About a year ago I was in a post where I read many Safeguarding Adult Reviews. They demonstrated that 12 years on staff had still not understood the Mental Capacity Act. I wanted to change that.
I have known Alex Ruck Keene (a barrister) and Steve Chamberlain (an MCA/MHA expert) for nearly as long as the Act has been in force. In fact we met because of it. I have known Suzy Braye (a professor in social work), for the last 3 years. I met her in her role as a SAR author. They are equally committed as I am to achieve compliance with the Act and they kindly agreed to contribute to this course, to bring about change.
Employers have invested much resource into training staff. In spite of which the staff have mostly been unable to incorporate the learning into their day-to-day work. It seems that they need ongoing support when using the MCA in practice. This resource offers them the opportunity to dip into areas they need support with as and when they need it; as well, to use it as a training resource individually or in groups, team meetings and supervision.
This training demonstrates the practical application of the principles and also the assessment and best interests process using a variety of media e.g. case scenarios, quiz, worked out examples, acted out scenes, podcasts and videos.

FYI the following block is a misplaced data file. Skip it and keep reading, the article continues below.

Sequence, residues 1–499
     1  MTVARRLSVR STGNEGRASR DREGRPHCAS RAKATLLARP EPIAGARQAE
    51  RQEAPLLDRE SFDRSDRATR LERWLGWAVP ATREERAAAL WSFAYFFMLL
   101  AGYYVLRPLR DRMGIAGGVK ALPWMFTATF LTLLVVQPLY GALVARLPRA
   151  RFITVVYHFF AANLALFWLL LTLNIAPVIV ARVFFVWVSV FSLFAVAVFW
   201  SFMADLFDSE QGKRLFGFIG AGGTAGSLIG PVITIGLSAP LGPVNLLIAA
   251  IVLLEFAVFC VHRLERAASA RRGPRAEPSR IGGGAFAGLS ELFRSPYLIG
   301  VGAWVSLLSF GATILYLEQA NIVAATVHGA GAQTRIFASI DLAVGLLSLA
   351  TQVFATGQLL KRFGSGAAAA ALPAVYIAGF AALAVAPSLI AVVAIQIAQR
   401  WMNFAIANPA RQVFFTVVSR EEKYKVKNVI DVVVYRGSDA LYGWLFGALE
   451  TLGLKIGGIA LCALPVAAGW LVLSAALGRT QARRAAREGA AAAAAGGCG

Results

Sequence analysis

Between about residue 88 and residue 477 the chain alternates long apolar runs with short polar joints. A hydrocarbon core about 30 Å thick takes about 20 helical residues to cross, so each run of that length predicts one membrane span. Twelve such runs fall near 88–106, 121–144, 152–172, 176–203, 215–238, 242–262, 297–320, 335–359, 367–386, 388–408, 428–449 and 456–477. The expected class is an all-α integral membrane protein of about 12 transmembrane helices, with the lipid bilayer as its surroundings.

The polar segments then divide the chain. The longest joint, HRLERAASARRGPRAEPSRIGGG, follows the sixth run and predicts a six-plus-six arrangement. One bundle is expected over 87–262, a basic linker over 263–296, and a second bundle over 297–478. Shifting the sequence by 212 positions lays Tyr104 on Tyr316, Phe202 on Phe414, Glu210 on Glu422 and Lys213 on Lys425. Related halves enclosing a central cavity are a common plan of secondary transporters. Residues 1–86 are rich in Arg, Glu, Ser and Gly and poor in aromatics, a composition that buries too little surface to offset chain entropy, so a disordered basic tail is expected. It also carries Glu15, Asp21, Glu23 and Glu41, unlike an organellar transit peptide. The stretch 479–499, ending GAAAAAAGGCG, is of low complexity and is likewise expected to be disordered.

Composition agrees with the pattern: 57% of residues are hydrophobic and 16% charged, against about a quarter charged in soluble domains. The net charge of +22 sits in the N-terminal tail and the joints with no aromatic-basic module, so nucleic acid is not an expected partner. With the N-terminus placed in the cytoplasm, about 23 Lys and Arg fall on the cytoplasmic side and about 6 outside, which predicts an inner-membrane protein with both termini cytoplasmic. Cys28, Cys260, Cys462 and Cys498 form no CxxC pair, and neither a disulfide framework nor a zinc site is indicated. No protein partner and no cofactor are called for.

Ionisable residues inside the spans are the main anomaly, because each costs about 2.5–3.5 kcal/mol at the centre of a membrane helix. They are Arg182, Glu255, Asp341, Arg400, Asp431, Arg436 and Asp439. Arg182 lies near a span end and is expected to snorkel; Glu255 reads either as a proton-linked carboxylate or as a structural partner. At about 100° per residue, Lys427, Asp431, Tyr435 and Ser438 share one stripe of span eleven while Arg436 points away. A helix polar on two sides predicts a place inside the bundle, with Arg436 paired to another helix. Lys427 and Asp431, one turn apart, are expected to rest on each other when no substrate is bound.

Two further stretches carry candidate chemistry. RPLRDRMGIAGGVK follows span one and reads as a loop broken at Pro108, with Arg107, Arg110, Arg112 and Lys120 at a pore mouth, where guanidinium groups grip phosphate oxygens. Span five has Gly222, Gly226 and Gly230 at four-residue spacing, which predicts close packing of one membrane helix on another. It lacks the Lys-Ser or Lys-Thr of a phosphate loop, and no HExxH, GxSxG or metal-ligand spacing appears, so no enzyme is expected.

In this programme, Alex talks about what judges want to see in relation to the principles. Suzy informs about the gaps in relation to the MCA that she has identified in carrying out Safeguarding Adult Reviews (SAR) and in research that she completed with Michael Preston-Shoot; she gives a good example of the use of MCA in a SAR. Steve provides an analysis of mental capacity and best interests in relation to cases. Gail Dee, a psychologist, outlines a good practice example where ‘practicable steps’ were taken to enable decision making with a person with learning disabilities. Melba Gomes focuses on unwise decision making.
We will continue to update this course to keep it current, and add any changes made to the MCA Code of Practice when published.
Note that as professionals we are not actors; none of the professionals were given a script and to re-record would have taken away from the content offered by them, hence there will be occasions when the videos may appear somewhat amateurish. I would ask that learners focus on the content which is valuable.